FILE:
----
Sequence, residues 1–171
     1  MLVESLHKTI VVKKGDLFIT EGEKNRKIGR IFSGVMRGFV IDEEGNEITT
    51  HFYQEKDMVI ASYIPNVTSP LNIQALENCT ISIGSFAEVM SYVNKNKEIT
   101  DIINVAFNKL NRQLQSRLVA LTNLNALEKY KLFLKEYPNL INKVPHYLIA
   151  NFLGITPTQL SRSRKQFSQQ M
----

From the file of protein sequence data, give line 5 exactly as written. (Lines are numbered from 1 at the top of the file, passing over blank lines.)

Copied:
   151  NFLGITPTQL SRSRKQFSQQ M